The carbs in this plant-based food are mostly fiber. Its single ounce consists of about 11 grams of fiber. This is a highly significant portion of the recommended daily intake.
Its fiber is mainly soluble fiber and mucilage. This is the substance responsible for the chia seed’s moisture and shiny texture.
Chia seed’s fiber ferments in your gut. This, in turn, promotes the formation of short-chain fatty acids. It also improves colon health.
Chia seed with phytic acid is rich in heart-healthy omega-3 fatty acids. This fat consists of about 75% omega-3 alpha-linolenic acid and about 20% omega-6 fatty acid. Research tells us that chia seeds are a better source of omega-3 fatty acids than flaxseed. This means that they fight against several chronic diseases.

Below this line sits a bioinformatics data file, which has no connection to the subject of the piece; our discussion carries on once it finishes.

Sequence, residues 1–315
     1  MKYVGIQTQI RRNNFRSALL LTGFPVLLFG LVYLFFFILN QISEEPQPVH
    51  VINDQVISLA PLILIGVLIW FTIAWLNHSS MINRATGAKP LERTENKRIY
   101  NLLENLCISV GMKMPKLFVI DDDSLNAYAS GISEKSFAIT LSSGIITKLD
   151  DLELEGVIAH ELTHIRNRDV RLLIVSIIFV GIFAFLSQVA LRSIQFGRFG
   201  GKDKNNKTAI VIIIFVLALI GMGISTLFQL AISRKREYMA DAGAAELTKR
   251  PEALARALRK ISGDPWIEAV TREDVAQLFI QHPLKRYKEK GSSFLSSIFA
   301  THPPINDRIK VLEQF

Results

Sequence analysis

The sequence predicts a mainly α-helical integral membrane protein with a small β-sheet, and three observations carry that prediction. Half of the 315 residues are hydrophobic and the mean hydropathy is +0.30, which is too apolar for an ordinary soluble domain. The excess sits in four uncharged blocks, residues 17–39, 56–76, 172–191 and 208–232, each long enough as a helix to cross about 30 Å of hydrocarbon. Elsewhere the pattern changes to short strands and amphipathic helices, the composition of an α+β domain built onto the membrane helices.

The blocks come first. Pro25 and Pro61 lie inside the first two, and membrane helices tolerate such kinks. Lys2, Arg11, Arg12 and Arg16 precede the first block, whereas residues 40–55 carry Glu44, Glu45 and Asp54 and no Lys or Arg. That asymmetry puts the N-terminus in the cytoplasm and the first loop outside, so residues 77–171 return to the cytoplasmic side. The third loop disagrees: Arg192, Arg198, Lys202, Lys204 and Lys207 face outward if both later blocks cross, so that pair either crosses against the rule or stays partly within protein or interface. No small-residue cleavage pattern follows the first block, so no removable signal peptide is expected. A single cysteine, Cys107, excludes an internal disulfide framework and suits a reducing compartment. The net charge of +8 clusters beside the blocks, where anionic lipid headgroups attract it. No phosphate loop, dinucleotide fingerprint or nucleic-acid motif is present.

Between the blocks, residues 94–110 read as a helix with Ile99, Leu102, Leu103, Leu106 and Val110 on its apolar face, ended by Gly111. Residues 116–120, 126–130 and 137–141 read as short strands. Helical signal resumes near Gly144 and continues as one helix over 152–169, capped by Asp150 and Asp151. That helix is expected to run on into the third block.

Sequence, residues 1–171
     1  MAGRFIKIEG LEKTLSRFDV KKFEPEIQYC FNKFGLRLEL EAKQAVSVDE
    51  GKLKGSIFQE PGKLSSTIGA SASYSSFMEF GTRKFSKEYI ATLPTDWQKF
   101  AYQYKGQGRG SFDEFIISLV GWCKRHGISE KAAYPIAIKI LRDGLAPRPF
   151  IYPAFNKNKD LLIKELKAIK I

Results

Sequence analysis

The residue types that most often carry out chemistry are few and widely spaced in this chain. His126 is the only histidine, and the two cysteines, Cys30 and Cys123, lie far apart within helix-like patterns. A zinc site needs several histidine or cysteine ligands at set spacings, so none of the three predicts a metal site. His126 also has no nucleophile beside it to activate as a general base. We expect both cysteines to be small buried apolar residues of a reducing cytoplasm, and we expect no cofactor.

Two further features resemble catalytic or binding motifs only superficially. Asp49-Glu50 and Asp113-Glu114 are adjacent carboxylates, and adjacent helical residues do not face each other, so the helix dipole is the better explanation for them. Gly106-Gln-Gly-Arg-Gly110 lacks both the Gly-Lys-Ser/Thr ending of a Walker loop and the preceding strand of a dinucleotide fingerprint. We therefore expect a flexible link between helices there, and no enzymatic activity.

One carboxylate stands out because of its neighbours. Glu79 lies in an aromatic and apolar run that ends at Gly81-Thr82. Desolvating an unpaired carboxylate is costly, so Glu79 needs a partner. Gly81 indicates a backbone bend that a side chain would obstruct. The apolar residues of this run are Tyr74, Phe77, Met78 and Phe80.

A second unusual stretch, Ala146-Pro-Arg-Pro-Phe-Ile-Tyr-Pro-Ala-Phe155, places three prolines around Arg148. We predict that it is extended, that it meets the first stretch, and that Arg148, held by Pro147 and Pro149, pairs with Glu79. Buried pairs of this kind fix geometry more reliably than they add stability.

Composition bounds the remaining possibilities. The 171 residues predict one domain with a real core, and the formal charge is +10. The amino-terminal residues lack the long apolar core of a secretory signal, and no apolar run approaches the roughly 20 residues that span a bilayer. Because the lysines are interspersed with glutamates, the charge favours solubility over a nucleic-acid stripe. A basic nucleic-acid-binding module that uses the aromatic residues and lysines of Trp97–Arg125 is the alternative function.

As earlier stated, chia seeds consist of about 19% protein. This is similar to most plants but more than most grains and cereals.
Its protein constituent ensures there is fullness after intake. This results in reduced food intake as they provide all the nine essential amino acids, which means they are top-quality plant-based proteins.
Vitamins And Minerals
Chia seeds do provide an excellent source of minerals. However, they offer a minimal source of vitamins, Its most ample minerals are
- Manganese – Whole grains and nuts are rich in manganese. This is very crucial for metabolism, growth, and development.
- Copper – This is a mineral often missing in the modern diet. It is highly essential for heart health.
- Phosphorus – This is mainly found in protein-rich foods. They contribute to promoting bone health and tissue maintenance.
- Selenium – This is an essential antioxidant. It performs several vital functions in the body.
- Magnesium – Magnesium is often missing in western diets. It plays an essential role in several body functions.